page updated 4/9/2020
GIST patients often struggle with their diet and nutrient intake after a partial or total gastrectomy or an ileostomy. These procedures can cause trauma to the digestive system functions, deplete an individual’s caloric intake, and may cause a failure to absorb the necessary nutrients for optimal health. The right diet may help the affected organs recover and ultimately improve the digestive process.
After surgical intervention, patients often experience symptoms that disrupt their ability to maintain normal nutritional intake.
Dumping syndrome (DS) and diarrhea
One of the more challenging symptoms is Dumping Syndrome (DS). Dumping Syndrome occurs when food moves too rapidly to the small intestines, and may include bloating, nausea, diarrhea, rapid pulse, dizziness or light-headedness, weakness and fatigue, sweating and abdominal cramping. DS can occur anywhere from 15-30 minutes to two to three hours following a meal, and affects up to 75 percent of gastrectomy patients. DS occurs due to the partial or complete loss of the stomach, and the increased pace of processing food towards the small intestine for digestion. Combining food and liquid intake at the same time is a primary reason why diarrhea occurs, so it is helpful to avoid drinking liquids during meals, waiting 30 minutes to one hour after a meal before drinking.
The type of foods you consume can also make dumping syndrome worse. Proper diet can help reduce or allay the symptoms. Certain foods should be included, and some avoided.
Foods to eat
- Protein should be consumed in every meal: Eggs, meat, fish, poultry, nuts, milk, yogurt, dried beans, lentils, nut butters are good protein sources.
- High-fiber foods should be eaten as often as possible. Whole grains including whole wheat bread and/or pasta, fruits, vegetables, and fiber-fortified cereals are all appropriate choices.
Foods to avoid
- High-sugar foods such as soda, fruit juices, desserts, candy, fruits cooked with sugar, honey and jellies, should be limited or avoided. Simple carbohydrates should be limited or avoided.
Abdominal pain, constipation, or bloating
If a patient is experiencing these symptoms it may be due to lactose intolerance. This will typically affect patients who have had an operation near or involving the small intestine, as the enzyme for digesting lactose is located in the jejunum. It is possible that the lactose intolerance symptoms are only temporary. Once a patient has improved during the recovery process post-surgery, they can consider re-introducing dairy slowly, in smaller portions.
If a patient is experiencing these symptoms and has removed dairy from their diet, another solution may involve introducing more complex carbohydrates (see fiber list above) into their diet in order to find relief.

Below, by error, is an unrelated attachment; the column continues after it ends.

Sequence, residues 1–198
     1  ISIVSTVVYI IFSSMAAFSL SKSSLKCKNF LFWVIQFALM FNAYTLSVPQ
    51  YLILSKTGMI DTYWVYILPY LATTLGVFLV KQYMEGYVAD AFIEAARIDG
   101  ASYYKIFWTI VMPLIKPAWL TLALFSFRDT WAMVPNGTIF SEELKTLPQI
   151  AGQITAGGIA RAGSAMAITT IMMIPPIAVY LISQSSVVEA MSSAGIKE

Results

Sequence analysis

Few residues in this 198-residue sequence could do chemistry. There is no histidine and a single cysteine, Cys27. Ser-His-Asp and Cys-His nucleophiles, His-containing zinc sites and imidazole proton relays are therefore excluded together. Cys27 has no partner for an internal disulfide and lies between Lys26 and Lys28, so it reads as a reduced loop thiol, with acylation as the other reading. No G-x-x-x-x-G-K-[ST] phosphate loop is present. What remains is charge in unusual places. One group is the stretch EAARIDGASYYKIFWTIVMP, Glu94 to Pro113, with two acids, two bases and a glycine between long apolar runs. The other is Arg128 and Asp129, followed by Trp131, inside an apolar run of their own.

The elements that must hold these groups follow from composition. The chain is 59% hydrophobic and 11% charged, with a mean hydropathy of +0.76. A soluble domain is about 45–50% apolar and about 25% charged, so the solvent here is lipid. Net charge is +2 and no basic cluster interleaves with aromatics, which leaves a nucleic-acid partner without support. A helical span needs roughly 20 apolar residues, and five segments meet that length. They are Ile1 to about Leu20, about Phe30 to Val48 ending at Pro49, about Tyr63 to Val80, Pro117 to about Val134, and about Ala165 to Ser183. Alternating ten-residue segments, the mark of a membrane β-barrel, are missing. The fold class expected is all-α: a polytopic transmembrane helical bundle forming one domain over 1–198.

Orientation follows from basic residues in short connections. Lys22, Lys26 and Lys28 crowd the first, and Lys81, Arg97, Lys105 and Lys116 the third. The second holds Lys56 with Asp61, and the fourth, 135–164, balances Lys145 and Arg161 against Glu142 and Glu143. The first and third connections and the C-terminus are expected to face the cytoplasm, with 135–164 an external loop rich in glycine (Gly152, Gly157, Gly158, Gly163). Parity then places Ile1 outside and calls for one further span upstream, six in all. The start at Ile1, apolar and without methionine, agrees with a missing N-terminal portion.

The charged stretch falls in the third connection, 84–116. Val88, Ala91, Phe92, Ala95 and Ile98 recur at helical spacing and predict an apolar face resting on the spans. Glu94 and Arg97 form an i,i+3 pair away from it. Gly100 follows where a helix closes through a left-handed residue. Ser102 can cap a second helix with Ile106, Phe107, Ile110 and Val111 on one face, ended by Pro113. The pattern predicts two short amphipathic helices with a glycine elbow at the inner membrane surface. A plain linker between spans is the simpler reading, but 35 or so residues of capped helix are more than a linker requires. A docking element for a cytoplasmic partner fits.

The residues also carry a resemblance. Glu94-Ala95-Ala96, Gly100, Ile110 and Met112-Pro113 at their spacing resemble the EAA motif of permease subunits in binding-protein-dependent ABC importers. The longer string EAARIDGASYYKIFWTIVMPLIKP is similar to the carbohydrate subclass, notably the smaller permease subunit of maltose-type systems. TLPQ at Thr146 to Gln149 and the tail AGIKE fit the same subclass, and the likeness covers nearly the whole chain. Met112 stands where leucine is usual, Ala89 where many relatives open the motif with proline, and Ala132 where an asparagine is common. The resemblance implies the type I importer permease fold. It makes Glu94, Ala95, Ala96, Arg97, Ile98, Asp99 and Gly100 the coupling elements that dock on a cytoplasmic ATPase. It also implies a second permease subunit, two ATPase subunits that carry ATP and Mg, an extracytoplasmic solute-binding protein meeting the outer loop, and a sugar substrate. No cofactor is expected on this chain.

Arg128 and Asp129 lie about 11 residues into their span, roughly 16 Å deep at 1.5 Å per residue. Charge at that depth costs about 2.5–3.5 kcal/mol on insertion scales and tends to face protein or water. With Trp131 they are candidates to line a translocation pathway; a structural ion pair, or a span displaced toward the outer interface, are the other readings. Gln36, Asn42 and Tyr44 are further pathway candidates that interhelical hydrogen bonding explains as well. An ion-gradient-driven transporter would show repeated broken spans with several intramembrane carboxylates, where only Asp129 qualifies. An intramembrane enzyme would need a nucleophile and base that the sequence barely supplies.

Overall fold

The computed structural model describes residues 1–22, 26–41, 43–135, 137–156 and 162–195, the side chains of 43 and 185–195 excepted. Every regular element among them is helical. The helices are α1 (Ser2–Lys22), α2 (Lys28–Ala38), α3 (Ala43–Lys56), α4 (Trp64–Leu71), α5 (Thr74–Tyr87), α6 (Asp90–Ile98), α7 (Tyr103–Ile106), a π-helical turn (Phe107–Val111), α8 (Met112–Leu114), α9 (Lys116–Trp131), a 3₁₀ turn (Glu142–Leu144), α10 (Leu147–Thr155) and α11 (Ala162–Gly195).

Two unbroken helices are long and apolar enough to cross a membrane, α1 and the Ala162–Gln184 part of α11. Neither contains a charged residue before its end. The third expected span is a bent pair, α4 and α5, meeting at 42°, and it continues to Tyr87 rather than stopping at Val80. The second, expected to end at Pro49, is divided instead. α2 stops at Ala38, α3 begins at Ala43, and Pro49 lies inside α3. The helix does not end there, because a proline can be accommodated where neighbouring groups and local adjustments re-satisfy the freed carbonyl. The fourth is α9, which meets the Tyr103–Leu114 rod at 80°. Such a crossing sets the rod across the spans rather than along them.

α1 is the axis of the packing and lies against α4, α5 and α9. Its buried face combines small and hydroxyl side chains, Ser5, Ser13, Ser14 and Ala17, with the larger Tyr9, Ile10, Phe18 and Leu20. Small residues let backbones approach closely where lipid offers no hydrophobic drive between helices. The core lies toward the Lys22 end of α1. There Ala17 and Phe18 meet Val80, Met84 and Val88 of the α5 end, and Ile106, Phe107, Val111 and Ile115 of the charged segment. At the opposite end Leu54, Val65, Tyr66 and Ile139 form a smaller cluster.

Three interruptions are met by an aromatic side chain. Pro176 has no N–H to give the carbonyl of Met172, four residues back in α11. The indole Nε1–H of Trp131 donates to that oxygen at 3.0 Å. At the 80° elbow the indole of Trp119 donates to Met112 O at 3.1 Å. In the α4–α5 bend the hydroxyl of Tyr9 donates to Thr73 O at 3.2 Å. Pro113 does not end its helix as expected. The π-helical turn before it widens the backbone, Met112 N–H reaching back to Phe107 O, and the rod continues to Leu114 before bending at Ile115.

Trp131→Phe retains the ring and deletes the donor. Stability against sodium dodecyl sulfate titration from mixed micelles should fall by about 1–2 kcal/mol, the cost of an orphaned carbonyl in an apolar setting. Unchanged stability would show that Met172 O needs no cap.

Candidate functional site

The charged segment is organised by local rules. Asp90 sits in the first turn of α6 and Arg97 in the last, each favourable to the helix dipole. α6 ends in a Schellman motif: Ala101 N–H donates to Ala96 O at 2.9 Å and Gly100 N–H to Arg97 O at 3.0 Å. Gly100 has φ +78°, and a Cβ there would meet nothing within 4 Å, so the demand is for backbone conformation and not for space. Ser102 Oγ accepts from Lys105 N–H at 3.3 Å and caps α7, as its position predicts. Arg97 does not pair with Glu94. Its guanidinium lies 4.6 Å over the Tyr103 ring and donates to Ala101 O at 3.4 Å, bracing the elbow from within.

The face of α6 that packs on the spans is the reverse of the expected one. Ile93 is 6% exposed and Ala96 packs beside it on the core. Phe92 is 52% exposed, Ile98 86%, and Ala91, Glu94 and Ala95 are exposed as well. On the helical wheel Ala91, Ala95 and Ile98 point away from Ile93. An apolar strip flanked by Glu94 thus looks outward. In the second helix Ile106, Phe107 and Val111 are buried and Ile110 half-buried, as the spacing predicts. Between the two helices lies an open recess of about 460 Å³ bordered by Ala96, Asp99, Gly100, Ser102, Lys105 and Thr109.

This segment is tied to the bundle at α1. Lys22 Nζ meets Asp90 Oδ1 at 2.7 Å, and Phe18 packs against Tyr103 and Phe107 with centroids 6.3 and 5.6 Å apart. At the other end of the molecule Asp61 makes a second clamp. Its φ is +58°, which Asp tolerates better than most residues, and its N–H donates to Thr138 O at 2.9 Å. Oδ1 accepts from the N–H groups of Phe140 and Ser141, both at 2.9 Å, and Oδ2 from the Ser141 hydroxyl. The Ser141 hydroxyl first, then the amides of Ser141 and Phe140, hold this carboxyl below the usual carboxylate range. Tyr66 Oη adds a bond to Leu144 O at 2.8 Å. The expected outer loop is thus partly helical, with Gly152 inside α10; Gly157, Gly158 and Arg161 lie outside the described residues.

It is advised to eat smaller portions, and more frequently throughout the day (no fewer than six small meals per day). The smaller portions will allow the body to become re-accustomed to obtaining food by processing it and collecting its nutritional value. The frequent meals will ensure that some nutrients are being collected at all times, rather than just three times a day and quickly flushed through the system.
Water intake also plays a role involving these post-operative symptoms, please see above (DS and diarrhea) in order to create an individualized and manageable liquid intake schedule.
Foods to eat
- If dairy is removed from the diet, calcium can be sourced from green leafy vegetables, nut-based or soy milks, salmon, and tuna
Foods to avoid
- Milk, and ice cream should be avoided. Hard cheeses and yogurt have fewer lactose amounts and may be consumed by individuals transitioning dairy back into their diet. Soft cheeses such as mascarpone still have a fair amount of lactose, especially those that are aged.
Anemia can occur from a vitamin B12, folate, or iron deficiency, and may not be recognizable for up to one year post-gastrectomy. Symptoms include: chills, fatigue, numbness in extremities, and dizziness.
B12 is typically absorbed within the ilium (within the small intestine), which means if a person has a partial gastrectomy (fundus involved) or their small intestine partially removed (terminal ilium), the protein is not blending with the acid within the stomach lining and transitioning into the small intestine for optimal absorption. B12 supplements may be advantageous for individuals whom are experiencing malabsorption.
Iron and folate are absorbed through the duodenum with the help of acids produced in the stomach. In the case of gastrectomy where the stomach is removed the acid is lacking. Absorption of iron and folate is therefore hindered.
Foods to eat:
- Lean, red meats, dark green, leafy vegetables, poultry, fish, dried and citrus fruit, iron-fortified cereals (B12 and multi-vitamin supplements may be an option based on a consultation with a physician)
Although the scheduling and management of food and liquid intake, as well as side effects and health issues may seem like a daunting and time-consuming task, after time it will contribute to a higher quality of life. GIST patients will gain an overall greater understanding of their anatomy and its capabilities as they recover after a major gastrointestinal procedure.